Wednesday, October 21, 2009

Paper Nerds and the Future

I've just returned from the Friends of Dard Hunter Annual Meeting in Atlanta, Georgia feeling enthusiastic about the future of hand papermaking and its potential impact on the art world. Let me take a moment to clarify what I mean by art world in this context. I'm not thinking about the world of commercial galleries and museums, which have a questionable future and a questionable impact in my book. I'm thinking about how creativity functions in the social sphere.

On the themes of art, sustainability, and social change:

  • Combat Paper Project shared updates on their recent tours, as well as holding a demonstration featuring a bicycle-powered portable beater built by Lee Scott McDonald.
  • I presented the Book Bombs public paper and print project by Michelle Wilson and myself, within the context of other projects engaging multiple approaches to sustainability.
  • Also on my panel, Patterson Clark discussed his full-cycle approach to sustainable practices of making paper, prints, and inks from invasive plants.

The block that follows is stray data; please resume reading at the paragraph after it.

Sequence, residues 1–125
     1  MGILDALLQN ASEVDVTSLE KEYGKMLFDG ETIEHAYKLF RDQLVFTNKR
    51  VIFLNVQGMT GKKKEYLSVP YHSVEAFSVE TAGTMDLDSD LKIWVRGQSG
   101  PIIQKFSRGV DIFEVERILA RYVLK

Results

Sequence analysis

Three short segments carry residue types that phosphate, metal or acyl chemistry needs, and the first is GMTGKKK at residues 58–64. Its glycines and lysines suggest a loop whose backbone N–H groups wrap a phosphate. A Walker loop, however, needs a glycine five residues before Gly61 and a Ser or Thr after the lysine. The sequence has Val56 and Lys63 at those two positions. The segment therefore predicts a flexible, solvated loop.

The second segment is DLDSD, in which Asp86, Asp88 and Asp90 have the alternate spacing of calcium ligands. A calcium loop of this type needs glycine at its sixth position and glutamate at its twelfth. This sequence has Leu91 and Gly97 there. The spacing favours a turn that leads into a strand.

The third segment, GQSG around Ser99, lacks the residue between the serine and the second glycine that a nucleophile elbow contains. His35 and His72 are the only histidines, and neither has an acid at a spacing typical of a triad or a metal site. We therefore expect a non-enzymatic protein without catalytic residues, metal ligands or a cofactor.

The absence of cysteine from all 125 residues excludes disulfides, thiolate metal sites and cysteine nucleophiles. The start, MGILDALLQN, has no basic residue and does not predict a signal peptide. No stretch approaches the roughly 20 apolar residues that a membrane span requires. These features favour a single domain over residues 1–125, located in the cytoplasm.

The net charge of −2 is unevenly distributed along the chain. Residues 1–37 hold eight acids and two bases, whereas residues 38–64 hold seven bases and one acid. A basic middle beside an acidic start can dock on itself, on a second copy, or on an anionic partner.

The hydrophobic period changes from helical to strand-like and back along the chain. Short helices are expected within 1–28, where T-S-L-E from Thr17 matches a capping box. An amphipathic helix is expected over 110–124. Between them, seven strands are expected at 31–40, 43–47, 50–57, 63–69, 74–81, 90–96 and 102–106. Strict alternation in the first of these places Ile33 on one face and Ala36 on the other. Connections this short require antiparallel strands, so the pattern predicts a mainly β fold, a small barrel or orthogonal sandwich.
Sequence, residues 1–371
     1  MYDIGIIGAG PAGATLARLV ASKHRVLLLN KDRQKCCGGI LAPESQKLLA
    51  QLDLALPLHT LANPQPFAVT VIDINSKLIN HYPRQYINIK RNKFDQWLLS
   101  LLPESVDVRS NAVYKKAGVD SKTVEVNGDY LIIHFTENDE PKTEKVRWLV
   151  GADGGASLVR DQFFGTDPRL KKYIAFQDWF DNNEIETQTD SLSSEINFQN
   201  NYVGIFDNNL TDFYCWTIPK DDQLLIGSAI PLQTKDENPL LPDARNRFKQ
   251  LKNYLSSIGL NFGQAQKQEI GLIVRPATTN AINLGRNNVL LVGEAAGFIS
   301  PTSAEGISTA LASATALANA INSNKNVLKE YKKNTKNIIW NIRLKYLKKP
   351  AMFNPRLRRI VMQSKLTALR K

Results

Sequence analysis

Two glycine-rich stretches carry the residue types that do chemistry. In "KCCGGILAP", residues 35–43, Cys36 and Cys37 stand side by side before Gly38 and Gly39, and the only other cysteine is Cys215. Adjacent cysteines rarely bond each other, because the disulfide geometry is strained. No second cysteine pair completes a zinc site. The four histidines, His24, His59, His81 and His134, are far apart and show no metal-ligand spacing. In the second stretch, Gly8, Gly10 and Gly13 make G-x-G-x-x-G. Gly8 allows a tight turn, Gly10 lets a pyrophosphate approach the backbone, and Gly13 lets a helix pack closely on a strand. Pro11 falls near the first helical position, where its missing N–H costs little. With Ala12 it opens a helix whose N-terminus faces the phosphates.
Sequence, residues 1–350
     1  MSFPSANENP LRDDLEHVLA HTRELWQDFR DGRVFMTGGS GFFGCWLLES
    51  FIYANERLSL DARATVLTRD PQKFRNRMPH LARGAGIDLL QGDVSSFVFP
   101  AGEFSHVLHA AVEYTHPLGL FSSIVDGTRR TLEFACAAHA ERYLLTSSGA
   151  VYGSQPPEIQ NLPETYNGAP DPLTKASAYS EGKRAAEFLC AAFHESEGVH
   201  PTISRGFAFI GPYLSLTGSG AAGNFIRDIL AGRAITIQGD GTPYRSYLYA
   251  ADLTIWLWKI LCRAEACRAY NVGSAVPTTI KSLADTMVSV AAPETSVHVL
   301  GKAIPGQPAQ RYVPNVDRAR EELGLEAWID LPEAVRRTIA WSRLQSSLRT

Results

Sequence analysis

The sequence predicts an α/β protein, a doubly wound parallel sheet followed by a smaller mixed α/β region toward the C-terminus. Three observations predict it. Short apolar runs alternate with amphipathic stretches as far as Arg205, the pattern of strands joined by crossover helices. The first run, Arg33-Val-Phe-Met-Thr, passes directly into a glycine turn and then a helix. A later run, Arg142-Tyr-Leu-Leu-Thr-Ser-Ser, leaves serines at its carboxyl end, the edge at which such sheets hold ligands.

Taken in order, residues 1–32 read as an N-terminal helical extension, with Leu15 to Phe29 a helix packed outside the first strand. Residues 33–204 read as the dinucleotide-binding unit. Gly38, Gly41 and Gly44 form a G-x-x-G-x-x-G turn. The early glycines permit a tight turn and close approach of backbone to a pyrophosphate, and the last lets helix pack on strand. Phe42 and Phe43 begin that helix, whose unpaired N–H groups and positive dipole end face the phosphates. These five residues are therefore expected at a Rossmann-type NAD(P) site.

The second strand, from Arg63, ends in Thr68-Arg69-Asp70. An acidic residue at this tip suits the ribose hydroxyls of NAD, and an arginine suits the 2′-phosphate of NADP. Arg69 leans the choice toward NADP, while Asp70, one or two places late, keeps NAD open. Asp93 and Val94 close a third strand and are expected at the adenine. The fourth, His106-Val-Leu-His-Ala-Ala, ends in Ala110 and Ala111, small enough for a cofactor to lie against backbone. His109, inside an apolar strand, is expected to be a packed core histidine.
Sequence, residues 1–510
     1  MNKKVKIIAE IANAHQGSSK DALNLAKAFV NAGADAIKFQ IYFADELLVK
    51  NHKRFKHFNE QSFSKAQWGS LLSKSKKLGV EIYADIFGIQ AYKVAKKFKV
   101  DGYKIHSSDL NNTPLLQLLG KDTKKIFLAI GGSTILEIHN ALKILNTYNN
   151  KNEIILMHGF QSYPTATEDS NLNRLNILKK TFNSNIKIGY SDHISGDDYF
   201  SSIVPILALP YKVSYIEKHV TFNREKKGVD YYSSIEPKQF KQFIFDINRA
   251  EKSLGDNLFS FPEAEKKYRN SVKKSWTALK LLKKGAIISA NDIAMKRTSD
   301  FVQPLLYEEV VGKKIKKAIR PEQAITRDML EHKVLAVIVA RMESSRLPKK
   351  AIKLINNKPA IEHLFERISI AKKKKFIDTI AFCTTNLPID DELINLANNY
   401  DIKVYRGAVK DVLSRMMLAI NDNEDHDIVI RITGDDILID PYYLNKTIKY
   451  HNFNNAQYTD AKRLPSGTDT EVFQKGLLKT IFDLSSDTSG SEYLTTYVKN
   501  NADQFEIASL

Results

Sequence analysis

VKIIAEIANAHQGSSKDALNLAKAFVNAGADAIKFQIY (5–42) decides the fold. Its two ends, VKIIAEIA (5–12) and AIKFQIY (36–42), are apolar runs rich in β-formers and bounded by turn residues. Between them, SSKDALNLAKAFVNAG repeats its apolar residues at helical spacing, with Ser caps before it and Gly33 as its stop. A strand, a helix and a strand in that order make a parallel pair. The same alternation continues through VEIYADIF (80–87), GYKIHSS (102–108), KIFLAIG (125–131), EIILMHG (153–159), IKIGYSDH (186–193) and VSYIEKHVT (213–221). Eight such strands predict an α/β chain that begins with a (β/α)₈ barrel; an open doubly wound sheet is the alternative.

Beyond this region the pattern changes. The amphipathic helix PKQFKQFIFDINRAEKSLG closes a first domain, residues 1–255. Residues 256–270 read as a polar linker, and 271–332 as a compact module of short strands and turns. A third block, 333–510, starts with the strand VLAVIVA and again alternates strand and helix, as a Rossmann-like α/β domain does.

• Students from University of Alabama, alongside ring-leader Steve Miller, lead conference participants in making banana fiber paper, educating about methods for making paper from these cultivated plants, skills that are necessary if we are to transition into utilizing local plant fibers.
Most encouraging was the enthusiasm with which the sustainability question was embraced. Amy Richards, a papermaker who works for the Center for Aquatic and Invasive Plants in Florida was on hand to offer the resources of her Center.

While many of us traveled from afar to be at this meeting, my hope is that by sharing this energy, our information, and the generous community that papermakers foster, the future impact on how we all exist and create in the world will be worth the environmental impact of our travel, of the book arts jet set mentality. I made a call for Slow Papermaking, and I stand by it, but slowing down and making change takes time. There may be some lofty idealism here in this hope...but why not?